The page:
However, until NBC shows a far larger business volume, its demands may appear undeniably like gold-digging of a hardware giant.



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RE: Chuck
By Spivonious on 10/31/2007 1:58:12 PM , Rating: 2
The customer already feels stupid because they can't fix it themselves. No matter how nice you are about it they will still come away from you feeling even more stupid because the holier-than-thou computer tech corrected them.


RE: Chuck
By Oregonian2 on 10/31/2007 2:07:09 PM , Rating: 3
Or maybe smarter because they've learned something?


RE: Chuck
By SavagePotato on 10/31/2007 2:22:15 PM , Rating: 1
That is exactly the point. Theres no reason the customer can't learn something by taking their computer in. Much in the way of giving them advice on how to avoid problems in the future so they won't have to bring it back in.

Furthermore it often times is neccesary to correct them in the process of clarifying the problem. "Theres something wrong with my hard drive." Just doesn't cut it, eventualy you are going to have to ask them if they are refering to the actual hard drive or some other general problem and to be specific about what it is.

I would love for every customer that gets dealt with to come away smarter and knowing more about their computer. If it means I don't have to clean vundo off it every two months because they learned to avoid it for example that's a good thing.

I can imagine if I went to a mechanic and told him there's something funny with my engine when my brakes were squeaking I would be getting corrected somewhere along the line. It is just the wall of ignorance comes up when dealing with a computer and a total air of wanting to be babied.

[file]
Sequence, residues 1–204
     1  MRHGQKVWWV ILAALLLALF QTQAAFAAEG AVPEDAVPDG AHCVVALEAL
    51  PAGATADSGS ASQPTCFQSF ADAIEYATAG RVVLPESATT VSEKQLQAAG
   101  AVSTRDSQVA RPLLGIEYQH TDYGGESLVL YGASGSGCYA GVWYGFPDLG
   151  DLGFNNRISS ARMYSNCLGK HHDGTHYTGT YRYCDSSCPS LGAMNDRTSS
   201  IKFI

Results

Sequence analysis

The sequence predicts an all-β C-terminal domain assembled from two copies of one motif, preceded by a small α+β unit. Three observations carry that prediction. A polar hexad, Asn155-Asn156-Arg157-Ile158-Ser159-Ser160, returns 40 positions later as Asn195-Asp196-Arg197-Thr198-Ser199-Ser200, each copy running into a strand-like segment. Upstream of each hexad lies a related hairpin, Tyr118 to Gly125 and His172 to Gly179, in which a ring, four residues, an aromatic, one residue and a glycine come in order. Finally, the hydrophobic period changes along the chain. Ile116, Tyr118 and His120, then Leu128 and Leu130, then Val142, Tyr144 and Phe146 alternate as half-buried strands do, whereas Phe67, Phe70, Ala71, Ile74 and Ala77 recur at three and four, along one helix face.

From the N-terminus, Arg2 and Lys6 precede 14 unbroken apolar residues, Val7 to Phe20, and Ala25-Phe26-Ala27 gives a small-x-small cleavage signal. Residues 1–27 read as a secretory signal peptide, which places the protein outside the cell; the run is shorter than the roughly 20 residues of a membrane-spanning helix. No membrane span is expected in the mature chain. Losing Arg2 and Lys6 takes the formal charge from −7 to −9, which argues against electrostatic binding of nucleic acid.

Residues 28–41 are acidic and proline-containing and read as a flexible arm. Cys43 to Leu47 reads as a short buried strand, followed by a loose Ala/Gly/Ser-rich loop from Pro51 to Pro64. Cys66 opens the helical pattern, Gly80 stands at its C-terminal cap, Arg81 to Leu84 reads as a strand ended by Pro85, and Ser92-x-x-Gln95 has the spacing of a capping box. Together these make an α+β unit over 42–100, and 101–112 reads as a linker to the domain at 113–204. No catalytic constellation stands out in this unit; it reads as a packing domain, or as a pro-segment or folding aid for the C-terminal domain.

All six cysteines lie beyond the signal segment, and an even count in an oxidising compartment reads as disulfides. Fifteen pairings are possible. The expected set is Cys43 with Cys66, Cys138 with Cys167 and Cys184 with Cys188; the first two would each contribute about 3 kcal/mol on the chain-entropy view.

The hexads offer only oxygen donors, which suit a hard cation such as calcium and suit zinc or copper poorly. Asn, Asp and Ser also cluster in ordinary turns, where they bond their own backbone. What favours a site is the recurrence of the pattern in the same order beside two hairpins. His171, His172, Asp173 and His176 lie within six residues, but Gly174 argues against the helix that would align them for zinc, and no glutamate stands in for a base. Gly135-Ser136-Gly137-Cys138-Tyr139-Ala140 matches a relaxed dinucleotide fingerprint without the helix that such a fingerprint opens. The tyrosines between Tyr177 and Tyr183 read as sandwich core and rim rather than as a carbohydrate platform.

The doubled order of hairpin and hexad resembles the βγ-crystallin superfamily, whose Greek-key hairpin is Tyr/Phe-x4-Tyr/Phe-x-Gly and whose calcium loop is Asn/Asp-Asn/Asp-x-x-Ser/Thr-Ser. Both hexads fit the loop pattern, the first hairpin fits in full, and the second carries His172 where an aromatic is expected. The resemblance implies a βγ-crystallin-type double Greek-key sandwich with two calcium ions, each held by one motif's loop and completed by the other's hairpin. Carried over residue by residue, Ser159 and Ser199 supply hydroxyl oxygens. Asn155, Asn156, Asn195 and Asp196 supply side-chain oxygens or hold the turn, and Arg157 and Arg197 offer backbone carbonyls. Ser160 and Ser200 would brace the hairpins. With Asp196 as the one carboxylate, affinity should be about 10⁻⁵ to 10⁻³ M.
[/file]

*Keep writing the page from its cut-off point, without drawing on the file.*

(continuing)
RE: Chuck
By borismkv on 10/31/2007 2:39:55 PM , Rating: 2
So the fact that they keep calling it a hard drive even after you've corrected them doesn't make you realize that you're doing it wrong?

There is a big difference between saying, "Actually, the hard drive is an internal storage device" and saying, "I'm sorry, I'm a little confused, do you mean that there is a problem with your internal hard drive or with the whole computer?"


RE: Chuck
By SavagePotato on 10/31/07, Rating: 0
RE: Chuck
By borismkv on 10/31/2007 5:27:37 PM , Rating: 2
Yes, because I didn't feel like going back to re-type everything you said. Everyone who's following this thread knows what you said, my paraphrase takes them back to it. It isn't *what* you say that is my point, it's *how* you say it that I'm arguing against. Anything you say, "Actually" to someone, it belittles them, and makes them think that you feel like you are better than them. A simple change of wording can make an incredible amount of difference when dealing with people.


RE: Chuck
By SavagePotato on 10/31/07, Rating: 0
"I mean, if you wanna break down someone's door, why don't you start with AT&T, for God sakes? They make your amazing phone unusable as a phone!" -- Jon Stewart on Apple and the iPhone